Shutter speed This controls how much light your picture gets by how much TIME your exposure is. The TIME is controlled by how long the camera’s shutter (or window) is open If the shutter is open for a long time, it gets more light If it’s open for a short time, it gets less light
ISO This controls how much light your picture gets by how sensitive the digital sensor (or film) is to the light. This also controls how much “noise” your photo has. The higher the number, the more light the sensor will get, but the image will be more noisy/poorer quality. Rule: shoot at the lowest ISO you can.
APERTURE (F/STOP) learning targets 1.What is it? 2.Where is it? 3.What does it do? 4.When do you use it? 5.Why would you use F/2.8? 6.Why would you use F/22? THIS IS APERTURE, Also called an F/stop
Aperture- this is the size of the opening in the lens It controls: - how much light is let in through the lens - Depth of field
Every aperture setting is called an f/stop, or a whole stop of light To increase the aperture is to open up. Every stop you open up, it lets in twice (or 2x) as much light. (example: if you are at f/8 and open the aperture to f/5.6 you are letting in twice as much light. To decrease the aperture is to stop down. Every stop you stop down, you let in half as much light. (example: if you are at f/8 and stop down to f/11 you are decreasing the light by half. The standard f-stops you need to memorize are: f/2,f/2.8,f/4,f/5.6,f/8,f/11,f/16,f/22,f/32 If you open up your lens, you must increase your shutter speed. If you stop down, you must decrease your shutter speed.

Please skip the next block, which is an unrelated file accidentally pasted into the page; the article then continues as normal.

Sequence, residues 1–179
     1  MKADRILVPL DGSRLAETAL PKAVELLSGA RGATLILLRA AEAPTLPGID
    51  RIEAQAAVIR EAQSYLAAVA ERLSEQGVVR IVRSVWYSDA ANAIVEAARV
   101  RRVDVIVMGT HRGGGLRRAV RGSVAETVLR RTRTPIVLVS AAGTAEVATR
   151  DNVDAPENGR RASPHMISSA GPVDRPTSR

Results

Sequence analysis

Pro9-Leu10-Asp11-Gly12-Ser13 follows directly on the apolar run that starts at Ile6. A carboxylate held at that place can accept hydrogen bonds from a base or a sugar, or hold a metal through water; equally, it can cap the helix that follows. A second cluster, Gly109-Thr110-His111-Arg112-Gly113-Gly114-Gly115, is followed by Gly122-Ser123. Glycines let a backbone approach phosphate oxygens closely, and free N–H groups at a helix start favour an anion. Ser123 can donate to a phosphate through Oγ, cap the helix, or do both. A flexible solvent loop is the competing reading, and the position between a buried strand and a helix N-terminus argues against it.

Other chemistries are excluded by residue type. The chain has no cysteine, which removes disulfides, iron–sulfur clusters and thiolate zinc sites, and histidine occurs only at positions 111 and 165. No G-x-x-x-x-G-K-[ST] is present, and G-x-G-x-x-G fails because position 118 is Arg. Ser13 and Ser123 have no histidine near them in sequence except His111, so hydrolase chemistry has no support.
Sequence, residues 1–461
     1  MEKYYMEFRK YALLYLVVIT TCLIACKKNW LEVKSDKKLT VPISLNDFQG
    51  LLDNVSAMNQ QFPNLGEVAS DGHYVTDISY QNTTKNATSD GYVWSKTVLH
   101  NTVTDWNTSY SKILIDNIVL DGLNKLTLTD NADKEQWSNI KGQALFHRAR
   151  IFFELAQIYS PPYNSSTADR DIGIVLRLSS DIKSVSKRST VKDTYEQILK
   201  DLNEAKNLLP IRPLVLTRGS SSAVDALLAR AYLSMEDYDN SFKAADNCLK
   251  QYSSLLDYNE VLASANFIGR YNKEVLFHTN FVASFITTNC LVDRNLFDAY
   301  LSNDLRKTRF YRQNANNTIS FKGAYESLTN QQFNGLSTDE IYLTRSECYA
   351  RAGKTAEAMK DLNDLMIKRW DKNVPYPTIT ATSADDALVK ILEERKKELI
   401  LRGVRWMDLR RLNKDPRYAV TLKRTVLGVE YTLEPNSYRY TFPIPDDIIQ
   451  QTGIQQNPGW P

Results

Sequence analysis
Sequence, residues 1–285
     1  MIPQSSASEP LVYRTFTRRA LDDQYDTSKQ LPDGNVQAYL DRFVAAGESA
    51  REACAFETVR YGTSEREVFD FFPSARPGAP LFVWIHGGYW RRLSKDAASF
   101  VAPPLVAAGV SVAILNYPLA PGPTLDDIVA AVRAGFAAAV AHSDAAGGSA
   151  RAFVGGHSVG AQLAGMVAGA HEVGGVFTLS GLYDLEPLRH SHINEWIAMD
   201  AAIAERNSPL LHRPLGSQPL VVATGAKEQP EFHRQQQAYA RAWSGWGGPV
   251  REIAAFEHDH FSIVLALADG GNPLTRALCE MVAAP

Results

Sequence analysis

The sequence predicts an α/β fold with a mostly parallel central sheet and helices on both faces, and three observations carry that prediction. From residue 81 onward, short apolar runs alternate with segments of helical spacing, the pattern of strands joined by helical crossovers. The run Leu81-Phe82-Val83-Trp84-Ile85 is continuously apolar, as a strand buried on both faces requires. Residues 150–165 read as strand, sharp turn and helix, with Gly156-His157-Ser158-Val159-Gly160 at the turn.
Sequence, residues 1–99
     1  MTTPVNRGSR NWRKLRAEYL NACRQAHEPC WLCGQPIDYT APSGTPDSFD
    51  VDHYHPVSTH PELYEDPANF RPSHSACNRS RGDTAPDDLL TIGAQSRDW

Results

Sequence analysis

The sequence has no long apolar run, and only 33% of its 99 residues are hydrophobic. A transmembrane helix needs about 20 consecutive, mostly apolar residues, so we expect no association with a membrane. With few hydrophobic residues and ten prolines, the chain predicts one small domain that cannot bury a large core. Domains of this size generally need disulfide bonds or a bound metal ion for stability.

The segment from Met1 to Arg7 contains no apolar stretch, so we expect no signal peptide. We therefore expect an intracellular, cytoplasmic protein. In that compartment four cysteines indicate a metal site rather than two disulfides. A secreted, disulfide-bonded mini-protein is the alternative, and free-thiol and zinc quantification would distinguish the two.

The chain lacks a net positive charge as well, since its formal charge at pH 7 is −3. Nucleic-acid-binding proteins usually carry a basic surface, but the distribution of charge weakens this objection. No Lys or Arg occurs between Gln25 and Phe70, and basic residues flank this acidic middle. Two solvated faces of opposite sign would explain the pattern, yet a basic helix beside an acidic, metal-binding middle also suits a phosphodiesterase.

What settings let in the most/least amount of light.
What is Depth of Field? A camera can only focus its lens at a single point, but there will be an area that stretches in front of and behind this focus point that still appears sharp. This zone is known as the depth of field. It’s not a fixed distance, it changes in size and can be described as either ‘shallow’ (where only a narrow zone appears sharp) or large/greater/complete (where more of the picture appears sharp).
Shallow (or narrow) Depth of field The shorter the focal distance you are from the subject, the shallower the depth of field. You have to be within about 10-15 feet of your subject to get a shallow depth of field Good for emphasizing your subject. Or blurring out distracting backgrounds. Shallow depth of field is usually f/5.6 and below. The lower the number, or the more wide open the aperture, the more extreme the blur. Shallow depth of field lets in a lot of light, the aperture is wide open. So this will affect how fast the shutter speed is. HOW?
What causes the blurring? when an object is in focus, light rays originating from that point converge at a point on the camera's sensor. If the light rays hit the sensor at slightly different locations (arriving at a disc instead of a point), then this object will be rendered as out of focus — and increasingly so depending on how far apart the light rays are.
Examples of a LARGE Aperture- shallow depth of field
Focal distance also affects depth of field. If your subject is far away from the camera, the greater (or more complete) the depth of field. You would not be able to get a shallow depth of field no matter what aperture you use. Mostly used for landscapes or for subjects you don’t want to have blurring.
Greater or complete depth of field More parts of the picture are in focus If everything is in focus it’s considered a complete depth of field Complete depth of field is usually higher # f/stops, like f/16 or f/22 Question: How much light would these f/stops let in? Answer: not much, it’s a small aperture! So what happens to the shutter speed then? Remember, DO NOT let the shutter speed go under 60!!
What if the shutter speed makes me go under 1/60? What can you do? You can use a tripod. Or bump up the ISO higher, this will allow more light to hit the sensor, and you can shoot above 1/60 shutter speed. BUT this will result in a poorer quality photo. ISO
Examples of a SMALL Aperture- complete depth of field (f/22) Good for landscapes and for subjects you want entirely in focus.
You can be close up to a subject and still get a complete depth of field by using f/16 or f/22.